I want to celebrate my three year milestone with a word to my younger self, here I am in this picture with a poem that really touches my heart. This small girl had no idea of what was waiting for her as she grew but I want to thank her for the resilience and courage and compassion she gave to my older self, she is unaware of just how much she’s helped me. She was free and open and full hearted. A girl with sunshine in her heart and wings on her feet. Thank you.


And finally, I couldn’t do three years without including the other man in my life, so here he is (this song has got ‘acceptance’ written all over it, it’s very uplifting. Who would have thought that from Damien!).


Shakes me, makes me lighter

It’s just past Midsummer now. The longest day has been and gone and there was lots of reflection on what has gone and what to bring forth into the remainder of the year. I approached this Solstice with a bit of a spring in my step, I was moving more freely through the sludge and I attribute some of this to something I did for myself earlier in June.

Whilst researching trauma some time ago I came accross a PDF of a booklet called ‘Sky before the storm’ it was an easy to read piece of writing about the effects of trauma and how to navigate it. After I read it I noticed it was published by a charity that existed in Northern Ireland called The Wider Circle and that they specialised in helping to heal trauma. On further investigation I found out that they run a weekend retreat that you can attend and try to start assimilating your trauma story into your life. The retreat is free to attend and includes food and a room for the weekend.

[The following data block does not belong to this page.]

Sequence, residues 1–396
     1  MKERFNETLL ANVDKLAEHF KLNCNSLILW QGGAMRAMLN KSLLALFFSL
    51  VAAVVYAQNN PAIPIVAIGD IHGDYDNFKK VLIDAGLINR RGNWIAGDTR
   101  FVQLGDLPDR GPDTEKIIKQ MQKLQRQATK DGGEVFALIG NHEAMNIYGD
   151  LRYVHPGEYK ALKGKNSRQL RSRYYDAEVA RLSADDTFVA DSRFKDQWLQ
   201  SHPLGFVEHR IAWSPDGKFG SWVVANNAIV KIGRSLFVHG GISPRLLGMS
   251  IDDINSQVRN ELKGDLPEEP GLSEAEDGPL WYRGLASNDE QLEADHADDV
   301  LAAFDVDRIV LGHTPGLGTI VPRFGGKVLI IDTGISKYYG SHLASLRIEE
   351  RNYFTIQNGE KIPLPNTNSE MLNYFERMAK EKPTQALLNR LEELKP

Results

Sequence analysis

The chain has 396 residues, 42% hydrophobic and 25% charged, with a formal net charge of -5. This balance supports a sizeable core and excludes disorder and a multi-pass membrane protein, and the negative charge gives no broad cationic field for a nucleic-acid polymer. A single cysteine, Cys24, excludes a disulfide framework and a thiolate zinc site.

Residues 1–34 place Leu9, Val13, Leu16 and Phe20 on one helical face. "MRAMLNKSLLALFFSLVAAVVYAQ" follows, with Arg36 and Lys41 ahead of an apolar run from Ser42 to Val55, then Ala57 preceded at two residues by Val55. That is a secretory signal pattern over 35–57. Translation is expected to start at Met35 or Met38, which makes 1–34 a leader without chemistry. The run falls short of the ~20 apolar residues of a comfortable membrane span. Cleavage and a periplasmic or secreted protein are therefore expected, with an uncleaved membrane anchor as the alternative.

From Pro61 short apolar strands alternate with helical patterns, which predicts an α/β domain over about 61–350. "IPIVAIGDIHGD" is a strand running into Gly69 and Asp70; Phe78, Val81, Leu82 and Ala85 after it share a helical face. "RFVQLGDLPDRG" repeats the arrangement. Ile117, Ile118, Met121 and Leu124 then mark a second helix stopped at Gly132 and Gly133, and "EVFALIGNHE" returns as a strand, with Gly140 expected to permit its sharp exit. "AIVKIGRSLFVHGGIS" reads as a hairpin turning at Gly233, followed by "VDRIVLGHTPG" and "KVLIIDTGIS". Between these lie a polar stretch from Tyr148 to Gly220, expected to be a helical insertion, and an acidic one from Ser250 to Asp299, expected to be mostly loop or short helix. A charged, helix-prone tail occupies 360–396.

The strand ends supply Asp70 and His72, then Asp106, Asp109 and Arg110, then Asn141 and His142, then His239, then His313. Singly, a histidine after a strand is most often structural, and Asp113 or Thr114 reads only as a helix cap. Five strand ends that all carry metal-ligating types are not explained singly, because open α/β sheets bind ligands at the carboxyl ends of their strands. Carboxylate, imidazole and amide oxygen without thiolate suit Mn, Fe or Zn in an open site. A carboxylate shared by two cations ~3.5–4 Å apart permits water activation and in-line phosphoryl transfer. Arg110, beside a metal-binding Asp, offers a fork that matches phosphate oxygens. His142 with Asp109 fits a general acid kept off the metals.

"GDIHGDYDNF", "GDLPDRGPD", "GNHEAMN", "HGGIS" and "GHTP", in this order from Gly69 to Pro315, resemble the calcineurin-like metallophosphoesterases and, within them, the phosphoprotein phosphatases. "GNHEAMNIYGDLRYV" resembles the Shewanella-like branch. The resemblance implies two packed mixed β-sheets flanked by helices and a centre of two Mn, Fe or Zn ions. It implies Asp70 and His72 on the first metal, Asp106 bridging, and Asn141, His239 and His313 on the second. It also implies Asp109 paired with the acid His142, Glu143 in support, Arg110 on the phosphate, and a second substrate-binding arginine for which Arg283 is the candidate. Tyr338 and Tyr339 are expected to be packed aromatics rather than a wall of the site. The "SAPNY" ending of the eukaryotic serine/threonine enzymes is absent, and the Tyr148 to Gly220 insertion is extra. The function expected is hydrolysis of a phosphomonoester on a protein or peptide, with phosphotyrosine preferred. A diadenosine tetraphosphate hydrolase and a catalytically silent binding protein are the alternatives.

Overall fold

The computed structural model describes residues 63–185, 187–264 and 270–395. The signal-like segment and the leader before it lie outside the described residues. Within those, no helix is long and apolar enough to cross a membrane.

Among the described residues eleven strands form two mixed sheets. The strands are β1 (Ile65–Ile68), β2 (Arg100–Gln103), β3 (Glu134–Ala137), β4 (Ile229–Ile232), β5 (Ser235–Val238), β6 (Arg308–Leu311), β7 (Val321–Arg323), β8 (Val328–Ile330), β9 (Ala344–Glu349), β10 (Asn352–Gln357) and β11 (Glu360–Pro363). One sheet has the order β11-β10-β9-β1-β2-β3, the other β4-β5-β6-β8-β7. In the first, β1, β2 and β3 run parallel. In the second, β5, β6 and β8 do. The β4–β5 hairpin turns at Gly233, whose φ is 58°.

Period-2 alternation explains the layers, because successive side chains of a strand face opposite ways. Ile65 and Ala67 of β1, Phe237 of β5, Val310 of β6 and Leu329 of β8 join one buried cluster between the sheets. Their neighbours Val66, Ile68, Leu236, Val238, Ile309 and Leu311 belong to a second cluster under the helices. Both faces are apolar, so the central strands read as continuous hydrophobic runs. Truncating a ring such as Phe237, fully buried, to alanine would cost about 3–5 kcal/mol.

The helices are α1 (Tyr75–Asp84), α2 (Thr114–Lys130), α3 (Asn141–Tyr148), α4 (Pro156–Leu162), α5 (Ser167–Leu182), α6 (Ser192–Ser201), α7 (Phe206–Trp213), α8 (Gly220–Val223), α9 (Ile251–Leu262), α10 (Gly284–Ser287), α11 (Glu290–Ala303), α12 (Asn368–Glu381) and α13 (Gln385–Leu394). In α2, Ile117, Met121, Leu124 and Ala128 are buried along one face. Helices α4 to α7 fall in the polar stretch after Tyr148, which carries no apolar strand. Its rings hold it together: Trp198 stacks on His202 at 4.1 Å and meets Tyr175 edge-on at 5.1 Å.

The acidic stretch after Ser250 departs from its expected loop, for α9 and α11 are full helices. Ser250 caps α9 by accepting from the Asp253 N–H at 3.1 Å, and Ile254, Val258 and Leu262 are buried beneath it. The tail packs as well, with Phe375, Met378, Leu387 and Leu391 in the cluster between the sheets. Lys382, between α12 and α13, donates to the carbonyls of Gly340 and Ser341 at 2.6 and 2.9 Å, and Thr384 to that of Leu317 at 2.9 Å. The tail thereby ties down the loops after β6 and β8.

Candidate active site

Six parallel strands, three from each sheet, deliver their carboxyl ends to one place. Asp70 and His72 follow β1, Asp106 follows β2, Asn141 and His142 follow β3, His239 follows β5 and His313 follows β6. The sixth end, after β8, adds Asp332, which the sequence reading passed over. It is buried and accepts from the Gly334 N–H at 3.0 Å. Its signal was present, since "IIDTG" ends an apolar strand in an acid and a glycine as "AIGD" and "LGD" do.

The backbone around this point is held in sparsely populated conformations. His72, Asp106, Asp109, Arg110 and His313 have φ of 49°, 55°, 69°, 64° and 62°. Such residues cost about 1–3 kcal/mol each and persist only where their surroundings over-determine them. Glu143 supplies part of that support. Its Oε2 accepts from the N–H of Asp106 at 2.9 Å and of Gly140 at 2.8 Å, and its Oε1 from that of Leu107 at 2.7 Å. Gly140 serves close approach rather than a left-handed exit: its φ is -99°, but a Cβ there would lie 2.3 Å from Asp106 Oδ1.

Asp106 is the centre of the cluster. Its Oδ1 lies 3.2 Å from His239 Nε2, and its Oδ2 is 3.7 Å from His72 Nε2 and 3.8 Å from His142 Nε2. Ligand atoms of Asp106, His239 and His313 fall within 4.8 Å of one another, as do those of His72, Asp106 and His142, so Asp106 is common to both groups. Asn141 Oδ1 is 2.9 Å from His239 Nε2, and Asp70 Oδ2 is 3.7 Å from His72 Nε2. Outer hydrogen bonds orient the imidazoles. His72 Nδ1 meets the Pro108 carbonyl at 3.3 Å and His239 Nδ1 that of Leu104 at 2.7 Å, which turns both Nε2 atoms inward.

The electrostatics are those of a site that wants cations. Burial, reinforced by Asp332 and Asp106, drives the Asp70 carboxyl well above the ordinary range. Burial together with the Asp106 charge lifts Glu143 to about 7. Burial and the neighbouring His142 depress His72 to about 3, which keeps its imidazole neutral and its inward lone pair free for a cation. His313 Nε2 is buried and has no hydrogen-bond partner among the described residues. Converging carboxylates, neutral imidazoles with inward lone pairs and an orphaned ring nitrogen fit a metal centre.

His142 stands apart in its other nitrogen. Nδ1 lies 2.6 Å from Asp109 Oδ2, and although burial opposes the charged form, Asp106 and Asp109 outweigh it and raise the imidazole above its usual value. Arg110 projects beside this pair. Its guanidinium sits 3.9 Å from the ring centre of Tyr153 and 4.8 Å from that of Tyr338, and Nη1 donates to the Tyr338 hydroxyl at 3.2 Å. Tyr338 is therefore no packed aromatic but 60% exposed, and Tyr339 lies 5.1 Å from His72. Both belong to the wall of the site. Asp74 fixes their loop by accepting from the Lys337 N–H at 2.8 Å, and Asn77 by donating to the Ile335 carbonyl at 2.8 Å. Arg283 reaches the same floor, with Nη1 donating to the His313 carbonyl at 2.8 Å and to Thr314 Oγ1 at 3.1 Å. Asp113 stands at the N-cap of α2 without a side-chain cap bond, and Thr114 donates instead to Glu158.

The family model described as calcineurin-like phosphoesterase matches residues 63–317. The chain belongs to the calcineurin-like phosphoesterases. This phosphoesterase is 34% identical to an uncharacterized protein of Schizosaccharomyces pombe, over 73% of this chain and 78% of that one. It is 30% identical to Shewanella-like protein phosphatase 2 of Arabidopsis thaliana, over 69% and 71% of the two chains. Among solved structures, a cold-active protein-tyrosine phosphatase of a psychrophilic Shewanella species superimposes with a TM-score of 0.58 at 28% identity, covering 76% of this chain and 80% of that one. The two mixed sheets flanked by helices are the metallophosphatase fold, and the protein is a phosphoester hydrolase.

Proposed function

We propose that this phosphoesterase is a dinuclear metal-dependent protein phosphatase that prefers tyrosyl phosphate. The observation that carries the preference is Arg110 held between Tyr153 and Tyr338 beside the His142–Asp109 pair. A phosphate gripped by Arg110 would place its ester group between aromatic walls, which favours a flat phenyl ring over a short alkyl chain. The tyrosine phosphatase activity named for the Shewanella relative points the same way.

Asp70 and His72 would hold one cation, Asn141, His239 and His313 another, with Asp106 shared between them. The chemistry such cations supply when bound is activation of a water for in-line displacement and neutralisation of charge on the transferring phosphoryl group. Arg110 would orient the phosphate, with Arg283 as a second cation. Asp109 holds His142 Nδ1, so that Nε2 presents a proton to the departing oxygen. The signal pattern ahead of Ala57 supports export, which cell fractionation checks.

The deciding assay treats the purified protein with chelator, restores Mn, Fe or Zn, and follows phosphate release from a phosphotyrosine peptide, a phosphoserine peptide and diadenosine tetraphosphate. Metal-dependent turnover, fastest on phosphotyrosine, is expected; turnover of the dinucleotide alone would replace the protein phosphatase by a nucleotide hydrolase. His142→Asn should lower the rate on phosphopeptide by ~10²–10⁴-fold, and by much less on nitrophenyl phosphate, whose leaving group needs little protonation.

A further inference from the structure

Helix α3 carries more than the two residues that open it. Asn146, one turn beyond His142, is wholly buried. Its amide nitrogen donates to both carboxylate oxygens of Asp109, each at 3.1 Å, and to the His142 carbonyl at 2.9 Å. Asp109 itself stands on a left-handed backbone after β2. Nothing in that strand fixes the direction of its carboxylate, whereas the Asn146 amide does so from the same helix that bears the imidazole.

I tentatively telephoned the number to request an application for a place on a retreat that was coming up in Ballycastle in June. I ended up crying at the  very nice lady on the other end of the line and kind of realised that yes maybe I REALLY need to try this.

Forms were sent out, filled in and returned and after some time I found that I had secured a place on the retreat. Now this is where the doubts and fears started to rush in. ‘Do I really want to do this?’ What if I can’t handle it?’ ‘Am I too ill for this right now?’ This was something I had to do alone (no safety person allowed!), something that was going to stretch me. But hey, maybe I needed a little stretching!